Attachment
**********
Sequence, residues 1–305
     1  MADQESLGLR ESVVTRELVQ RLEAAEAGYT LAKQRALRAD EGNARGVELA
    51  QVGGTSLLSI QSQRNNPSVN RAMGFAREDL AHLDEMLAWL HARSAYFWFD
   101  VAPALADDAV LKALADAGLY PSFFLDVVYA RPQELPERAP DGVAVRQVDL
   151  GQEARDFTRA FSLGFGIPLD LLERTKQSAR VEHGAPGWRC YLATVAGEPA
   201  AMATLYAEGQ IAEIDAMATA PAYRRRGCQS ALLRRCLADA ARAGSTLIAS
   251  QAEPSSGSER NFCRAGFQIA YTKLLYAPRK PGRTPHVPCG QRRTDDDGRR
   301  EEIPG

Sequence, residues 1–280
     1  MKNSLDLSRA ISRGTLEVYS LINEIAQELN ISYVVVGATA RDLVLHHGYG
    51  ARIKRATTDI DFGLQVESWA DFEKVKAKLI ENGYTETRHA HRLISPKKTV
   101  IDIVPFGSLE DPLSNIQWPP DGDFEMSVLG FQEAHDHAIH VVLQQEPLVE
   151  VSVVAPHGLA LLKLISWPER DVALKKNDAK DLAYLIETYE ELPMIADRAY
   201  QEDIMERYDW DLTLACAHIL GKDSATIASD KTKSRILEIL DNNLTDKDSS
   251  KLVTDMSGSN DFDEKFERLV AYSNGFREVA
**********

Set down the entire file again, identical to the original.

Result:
Sequence, residues 1–305
     1  MADQESLGLR ESVVTRELVQ RLEAAEAGYT LAKQRALRAD EGNARGVELA
    51  QVGGTSLLSI QSQRNNPSVN RAMGFAREDL AHLDEMLAWL HARSAYFWFD
   101  VAPALADDAV LKALADAGLY PSFFLDVVYA RPQELPERAP DGVAVRQVDL
   151  GQEARDFTRA FSLGFGIPLD LLERTKQSAR VEHGAPGWRC YLATVAGEPA
   201  AMATLYAEGQ IAEIDAMATA PAYRRRGCQS ALLRRCLADA ARAGSTLIAS
   251  QAEPSSGSER NFCRAGFQIA YTKLLYAPRK PGRTPHVPCG QRRTDDDGRR
   301  EEIPG

Sequence, residues 1–280
     1  MKNSLDLSRA ISRGTLEVYS LINEIAQELN ISYVVVGATA RDLVLHHGYG
    51  ARIKRATTDI DFGLQVESWA DFEKVKAKLI ENGYTETRHA HRLISPKKTV
   101  IDIVPFGSLE DPLSNIQWPP DGDFEMSVLG FQEAHDHAIH VVLQQEPLVE
   151  VSVVAPHGLA LLKLISWPER DVALKKNDAK DLAYLIETYE ELPMIADRAY
   201  QEDIMERYDW DLTLACAHIL GKDSATIASD KTKSRILEIL DNNLTDKDSS
   251  KLVTDMSGSN DFDEKFERLV AYSNGFREVA